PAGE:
Psoriasis is an inflammatory skin condition that doctors characterize by itchy patches. It usually affects the skin, resulting in itchy, scaly patches, but it can also affect other organ systems, such as the joints. Very rarely, these patches can develop inside a person’s mouth, usually inside the cheeks or on their tongue.

Psoriasis is a chronic condition where the body produces too many skin cells. Healthy skin cells usually live for about 1 month, after which the body sheds them, and they fall off.

The National Psoriasis Foundation (NPF) explains that with psoriasis, skin cells complete this cycle within 3–4 days, and the surplus cells build up in the skin.

The NPF explains that there are five types of psoriasis. These are:

  • plaque psoriasis, which causes raised patches of inflamed, itchy, and painful skin
  • guttate psoriasis, which causes small, round, and red spots
  • inverse psoriasis, which causes smooth but inflamed, deep-red skin
  • pustular psoriasis, which causes white, pus-filled, painful bumps
  • erythrodermic psoriasis, which causes intense redness and shedding of skin layers

Plaque psoriasis is by far the most common type, accounting for around 80% of cases. Psoriasis in the mouth usually has links to pustular and erythrodermic psoriasis, which are much rarer, affecting only about 3% and 2%, respectively, of those living with psoriasis.

Due to its rarity, there is limited research into psoriasis in the mouth. Researchers are encouraging people with psoriasis to have regular oral evaluations to check for any signs.

This article explains what psoriasis is and how it can affect the mouth. It also looks into ways of treating it and ways of preventing a flare.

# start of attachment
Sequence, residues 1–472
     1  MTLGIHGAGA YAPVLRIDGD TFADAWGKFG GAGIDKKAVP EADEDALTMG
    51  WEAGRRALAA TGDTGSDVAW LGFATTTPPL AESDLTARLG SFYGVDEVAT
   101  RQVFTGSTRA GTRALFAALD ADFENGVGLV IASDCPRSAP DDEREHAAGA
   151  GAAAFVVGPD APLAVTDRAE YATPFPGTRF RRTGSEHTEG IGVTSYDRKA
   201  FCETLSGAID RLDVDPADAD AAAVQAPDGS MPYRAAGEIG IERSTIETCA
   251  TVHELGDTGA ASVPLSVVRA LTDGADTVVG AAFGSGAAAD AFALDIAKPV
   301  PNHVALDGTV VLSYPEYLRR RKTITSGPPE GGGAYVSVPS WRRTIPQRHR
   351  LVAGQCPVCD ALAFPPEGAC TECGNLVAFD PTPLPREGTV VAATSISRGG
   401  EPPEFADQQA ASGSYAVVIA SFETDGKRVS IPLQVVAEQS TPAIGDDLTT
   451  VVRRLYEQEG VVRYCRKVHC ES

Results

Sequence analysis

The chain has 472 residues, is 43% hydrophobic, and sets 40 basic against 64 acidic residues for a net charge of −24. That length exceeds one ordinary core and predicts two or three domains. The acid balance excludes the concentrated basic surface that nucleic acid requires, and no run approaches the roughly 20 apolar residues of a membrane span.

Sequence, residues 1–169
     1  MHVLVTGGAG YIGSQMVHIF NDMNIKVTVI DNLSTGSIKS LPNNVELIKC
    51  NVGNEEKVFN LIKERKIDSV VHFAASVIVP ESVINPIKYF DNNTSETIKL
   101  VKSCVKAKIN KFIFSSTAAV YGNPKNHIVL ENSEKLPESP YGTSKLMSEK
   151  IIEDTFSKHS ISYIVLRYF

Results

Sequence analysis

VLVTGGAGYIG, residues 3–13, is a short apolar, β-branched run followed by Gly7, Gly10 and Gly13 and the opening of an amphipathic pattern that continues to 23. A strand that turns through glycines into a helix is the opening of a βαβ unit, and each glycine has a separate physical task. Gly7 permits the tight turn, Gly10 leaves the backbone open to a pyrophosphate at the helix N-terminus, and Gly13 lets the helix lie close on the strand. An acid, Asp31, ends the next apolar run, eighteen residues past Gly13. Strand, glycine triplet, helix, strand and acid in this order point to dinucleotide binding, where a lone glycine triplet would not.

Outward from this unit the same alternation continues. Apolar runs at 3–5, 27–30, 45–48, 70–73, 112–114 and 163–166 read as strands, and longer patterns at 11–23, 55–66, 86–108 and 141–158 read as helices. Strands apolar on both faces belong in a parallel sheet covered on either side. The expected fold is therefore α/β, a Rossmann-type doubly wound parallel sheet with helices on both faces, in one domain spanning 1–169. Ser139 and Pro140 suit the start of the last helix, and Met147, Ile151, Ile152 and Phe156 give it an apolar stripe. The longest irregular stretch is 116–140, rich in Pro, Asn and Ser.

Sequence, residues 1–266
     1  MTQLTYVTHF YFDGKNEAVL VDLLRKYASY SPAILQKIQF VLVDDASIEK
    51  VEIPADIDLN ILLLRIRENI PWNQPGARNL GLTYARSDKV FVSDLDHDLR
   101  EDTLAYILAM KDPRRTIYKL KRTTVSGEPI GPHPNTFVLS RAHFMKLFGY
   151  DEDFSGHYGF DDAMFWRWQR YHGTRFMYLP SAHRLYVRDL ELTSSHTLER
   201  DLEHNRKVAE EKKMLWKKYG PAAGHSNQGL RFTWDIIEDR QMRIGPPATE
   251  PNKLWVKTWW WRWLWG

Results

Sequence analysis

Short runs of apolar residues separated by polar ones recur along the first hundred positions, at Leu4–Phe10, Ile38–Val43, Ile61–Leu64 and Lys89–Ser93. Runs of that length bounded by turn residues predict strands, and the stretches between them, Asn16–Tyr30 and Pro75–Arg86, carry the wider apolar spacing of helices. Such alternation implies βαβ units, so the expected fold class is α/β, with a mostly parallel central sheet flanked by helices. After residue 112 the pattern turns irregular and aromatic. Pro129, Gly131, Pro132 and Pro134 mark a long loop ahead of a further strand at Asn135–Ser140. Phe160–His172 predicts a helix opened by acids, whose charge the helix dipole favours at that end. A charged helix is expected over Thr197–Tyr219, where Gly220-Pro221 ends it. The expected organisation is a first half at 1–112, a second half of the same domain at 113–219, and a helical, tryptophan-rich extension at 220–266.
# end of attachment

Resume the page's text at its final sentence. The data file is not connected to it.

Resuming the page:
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People can get psoriasis in their mouth, but it is rare. Psoriasis symptoms typically present on other parts of their bodies, according to a 2020 review.

If a person’s psoriasis affects their mouth, it usually impacts the lining of the cheeks, the top surface of the tongue, and sometimes, the lips or the hard palate of the mouth.

Not everyone with oral psoriasis experiences the same symptoms. Any lesions inside the mouth may look different from those on the skin, and doctors have not agreed on a set of symptoms to help them diagnose the condition. However, individuals with psoriasis in the mouth may have:

  • itchy, discolored patches on the mucous membranes inside the mouth
  • raised, white or scaly lesions on the hard palate inside the cheeks
  • yellow-gray or white lesions or sores
  • red patches, which usually appear on the top of the tongue and may have a raised circular white border
  • small, pus-filled blisters
  • increased sensitivity around the area, especially after eating acidic or spicy foods
  • burning or tingling around the lips
  • geographic tongue, where smooth patches featuring white or pale yellow borders appear on the top surface of the tongue, making the shape of a map
  • furrows, or grooves, on the top surface of the tongue, also known as fissured tongue
  • skin peeling on the gums

Although oral psoriasis can be uncomfortable, it does not permanently damage a person’s mouth.

Sometimes, an individual’s chewing aggravates the sores, and they may bleed or ooze pus. Different areas of the mouth may swell or become inflamed.

If this affects the tongue, a person might notice atypically smooth patches or deep grooves. Additionally, food and drinks may taste slightly different.

However, all these symptoms are usually temporary, as the skin inside the mouth heals quickly.

Most people with psoriasis in the mouth already have the condition.

Doctors know that genetics play a large part in its development.

Psoriasis causes internal and external inflammation, which links to comorbidities, such as:

  • cardiovascular disease
  • metabolic syndrome
  • psoriatic arthritis
  • obesity
  • high triglycerides
  • diabetes